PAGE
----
Assistant site manager Kate Heddy joined the industry at 40 years old. But she has ‘finally found a job I love’, she says.
What is a typical day in your job?
Over the last year, I’ve been working on an £8m transformation project at school, involving a large expansion and demolition works. It’s my job to prevent any delays with the sequencing by helping to manage our subcontractors.
I also make sure the relevant health and safety documents are provided, and the method of works meet the highest safety standards.
As we’re working on a live site, there are a lot of considerations, requiring me to manage risk assessments and communicate with various stakeholders to help logistically manage the works.
You have come to the industry as a ‘mature student’ aged 40. Tell us about the change of direction to construction?
After a management role at a farmers’ market, I began working in studio management for a housebuilder. It was there that I gained an understanding of programming. I had to learn when different parts would have to be on site, and what factors could delay a project. I also got to go to site to see how everything was implemented, helping me to learn how all the processes linked together. I’d never understood what the role of a site manager was before then.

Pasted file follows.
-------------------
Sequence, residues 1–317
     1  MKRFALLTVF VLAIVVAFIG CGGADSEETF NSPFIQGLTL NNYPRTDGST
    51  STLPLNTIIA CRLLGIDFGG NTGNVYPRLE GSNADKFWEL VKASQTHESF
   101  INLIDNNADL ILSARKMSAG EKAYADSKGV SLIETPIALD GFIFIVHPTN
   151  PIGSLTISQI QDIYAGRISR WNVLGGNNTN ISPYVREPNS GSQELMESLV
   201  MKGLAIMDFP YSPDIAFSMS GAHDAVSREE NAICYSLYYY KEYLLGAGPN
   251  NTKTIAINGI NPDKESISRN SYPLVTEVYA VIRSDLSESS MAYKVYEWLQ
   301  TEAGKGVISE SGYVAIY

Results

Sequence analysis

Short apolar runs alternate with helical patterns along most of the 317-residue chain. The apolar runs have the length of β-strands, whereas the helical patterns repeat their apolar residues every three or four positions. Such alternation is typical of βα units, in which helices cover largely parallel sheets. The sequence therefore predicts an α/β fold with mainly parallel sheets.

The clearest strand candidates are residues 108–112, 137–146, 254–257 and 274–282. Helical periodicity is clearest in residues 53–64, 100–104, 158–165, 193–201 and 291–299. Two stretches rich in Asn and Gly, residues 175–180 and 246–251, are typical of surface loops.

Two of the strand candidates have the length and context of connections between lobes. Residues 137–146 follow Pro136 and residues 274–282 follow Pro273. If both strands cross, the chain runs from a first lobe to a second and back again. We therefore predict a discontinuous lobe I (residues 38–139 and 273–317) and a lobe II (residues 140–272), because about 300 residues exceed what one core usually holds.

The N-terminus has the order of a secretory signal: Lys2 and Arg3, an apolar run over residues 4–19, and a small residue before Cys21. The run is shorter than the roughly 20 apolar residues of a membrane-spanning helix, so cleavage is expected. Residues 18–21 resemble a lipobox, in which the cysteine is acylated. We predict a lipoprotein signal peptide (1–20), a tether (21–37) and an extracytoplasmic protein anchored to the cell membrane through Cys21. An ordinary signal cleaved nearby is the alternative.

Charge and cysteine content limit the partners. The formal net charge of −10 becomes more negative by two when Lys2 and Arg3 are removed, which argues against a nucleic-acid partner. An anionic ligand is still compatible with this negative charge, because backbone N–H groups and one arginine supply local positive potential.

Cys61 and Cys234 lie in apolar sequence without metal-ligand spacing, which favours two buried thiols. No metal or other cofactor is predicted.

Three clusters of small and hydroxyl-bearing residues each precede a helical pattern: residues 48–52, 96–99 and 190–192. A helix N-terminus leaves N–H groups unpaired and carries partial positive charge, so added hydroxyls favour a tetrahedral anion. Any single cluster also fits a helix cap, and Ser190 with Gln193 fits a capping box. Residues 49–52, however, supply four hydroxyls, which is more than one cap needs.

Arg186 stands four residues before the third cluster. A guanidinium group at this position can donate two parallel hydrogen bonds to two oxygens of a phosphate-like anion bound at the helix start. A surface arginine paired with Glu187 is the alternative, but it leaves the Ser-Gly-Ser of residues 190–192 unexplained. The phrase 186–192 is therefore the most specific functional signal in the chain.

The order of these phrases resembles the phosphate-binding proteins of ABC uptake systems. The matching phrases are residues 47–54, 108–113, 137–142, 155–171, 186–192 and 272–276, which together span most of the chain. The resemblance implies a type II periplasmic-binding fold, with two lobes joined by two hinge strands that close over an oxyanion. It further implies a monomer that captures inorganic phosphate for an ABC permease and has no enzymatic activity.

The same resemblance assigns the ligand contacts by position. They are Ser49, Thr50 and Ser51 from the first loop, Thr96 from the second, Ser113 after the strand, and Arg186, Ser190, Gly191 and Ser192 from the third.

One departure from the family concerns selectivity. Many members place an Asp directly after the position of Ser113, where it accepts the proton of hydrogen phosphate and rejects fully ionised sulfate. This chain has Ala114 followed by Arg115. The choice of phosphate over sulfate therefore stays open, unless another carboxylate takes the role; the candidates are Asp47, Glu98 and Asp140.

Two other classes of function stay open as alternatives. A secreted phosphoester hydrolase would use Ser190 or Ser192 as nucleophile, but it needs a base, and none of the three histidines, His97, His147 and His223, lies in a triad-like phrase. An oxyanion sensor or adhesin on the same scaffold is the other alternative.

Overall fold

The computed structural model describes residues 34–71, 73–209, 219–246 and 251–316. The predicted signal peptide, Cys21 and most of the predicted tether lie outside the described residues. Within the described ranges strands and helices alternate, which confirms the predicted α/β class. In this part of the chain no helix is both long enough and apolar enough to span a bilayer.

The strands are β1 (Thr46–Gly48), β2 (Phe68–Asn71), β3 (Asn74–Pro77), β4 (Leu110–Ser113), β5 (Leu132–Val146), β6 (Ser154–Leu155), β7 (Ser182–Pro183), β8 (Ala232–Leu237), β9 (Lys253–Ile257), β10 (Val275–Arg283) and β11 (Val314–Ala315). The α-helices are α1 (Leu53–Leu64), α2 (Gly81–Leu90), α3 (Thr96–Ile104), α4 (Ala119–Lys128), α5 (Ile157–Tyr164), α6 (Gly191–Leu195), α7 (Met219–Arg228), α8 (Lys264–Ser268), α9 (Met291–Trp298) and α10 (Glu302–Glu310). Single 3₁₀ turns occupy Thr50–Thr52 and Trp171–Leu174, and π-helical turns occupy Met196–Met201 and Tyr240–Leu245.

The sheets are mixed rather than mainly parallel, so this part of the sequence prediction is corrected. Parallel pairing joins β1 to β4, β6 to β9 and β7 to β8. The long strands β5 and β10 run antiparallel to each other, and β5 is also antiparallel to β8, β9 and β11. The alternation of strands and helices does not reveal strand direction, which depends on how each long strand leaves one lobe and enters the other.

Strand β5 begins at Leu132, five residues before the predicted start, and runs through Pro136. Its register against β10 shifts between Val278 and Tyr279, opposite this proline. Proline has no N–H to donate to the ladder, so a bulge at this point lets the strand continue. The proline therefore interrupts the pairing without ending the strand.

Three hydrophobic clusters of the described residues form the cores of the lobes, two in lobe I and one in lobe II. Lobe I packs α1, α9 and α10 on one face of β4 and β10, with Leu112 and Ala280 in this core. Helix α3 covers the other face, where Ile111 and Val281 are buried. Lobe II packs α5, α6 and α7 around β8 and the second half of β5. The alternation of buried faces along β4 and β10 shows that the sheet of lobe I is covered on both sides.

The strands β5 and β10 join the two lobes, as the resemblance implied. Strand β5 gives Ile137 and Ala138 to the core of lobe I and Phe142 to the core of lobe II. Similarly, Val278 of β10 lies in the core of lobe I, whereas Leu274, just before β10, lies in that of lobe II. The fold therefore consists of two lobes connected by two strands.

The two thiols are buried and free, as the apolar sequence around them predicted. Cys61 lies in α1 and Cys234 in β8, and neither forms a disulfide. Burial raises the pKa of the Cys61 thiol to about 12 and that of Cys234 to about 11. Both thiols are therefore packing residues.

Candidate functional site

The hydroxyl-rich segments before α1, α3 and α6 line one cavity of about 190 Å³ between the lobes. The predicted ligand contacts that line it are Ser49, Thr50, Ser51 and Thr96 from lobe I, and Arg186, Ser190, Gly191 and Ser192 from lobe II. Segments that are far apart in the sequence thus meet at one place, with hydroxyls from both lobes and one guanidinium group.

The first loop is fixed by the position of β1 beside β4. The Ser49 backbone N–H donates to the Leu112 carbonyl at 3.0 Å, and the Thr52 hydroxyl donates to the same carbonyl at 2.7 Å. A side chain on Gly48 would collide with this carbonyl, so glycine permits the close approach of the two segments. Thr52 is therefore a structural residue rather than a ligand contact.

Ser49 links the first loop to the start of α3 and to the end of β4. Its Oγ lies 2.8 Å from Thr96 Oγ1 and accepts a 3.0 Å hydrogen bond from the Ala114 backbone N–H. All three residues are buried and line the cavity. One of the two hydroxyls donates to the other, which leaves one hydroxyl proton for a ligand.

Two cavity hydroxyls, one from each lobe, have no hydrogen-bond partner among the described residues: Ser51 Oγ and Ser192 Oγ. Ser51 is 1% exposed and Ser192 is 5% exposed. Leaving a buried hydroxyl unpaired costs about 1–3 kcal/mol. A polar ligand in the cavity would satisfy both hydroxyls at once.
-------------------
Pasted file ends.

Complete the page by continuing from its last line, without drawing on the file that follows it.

After being made redundant during the pandemic, I was offered a temping role in administrative support at a large construction firm. The documents produced by the site managers sparked my interest. The more I learned about site management, the more I realised that I had transferable skills and this was a role I could really enjoy. As someone with a logical mind who likes answers, I knew my personality would also be a good fit.
What are you enjoying about the industry?
I really enjoy putting a project together and seeing it through to the end. Site management isn’t an easy role and mistakes do happen when you’re training. Some things you can’t plan for and there is a lot of trial and error. Although this makes the job challenging, it also creates lots of opportunities for learning and development.
Diamond Build is embracing change and encouraging women into construction in a way that some firms I’ve worked for haven’t. Change is important, and being part of it is another big motivator for me.
You have worked hard to gain qualifications in a short space of time and been thrown in at the deep end with projects. Do you have any further career ambitions?
I’ve finally found a job I love. So I’m hoping to complete an NVQ Level 6 in Site Management and continue to learn through experience and mentoring. I’m also interested in sustainability and unique design. In the long term, I’d love the chance to combine both as part of my role.
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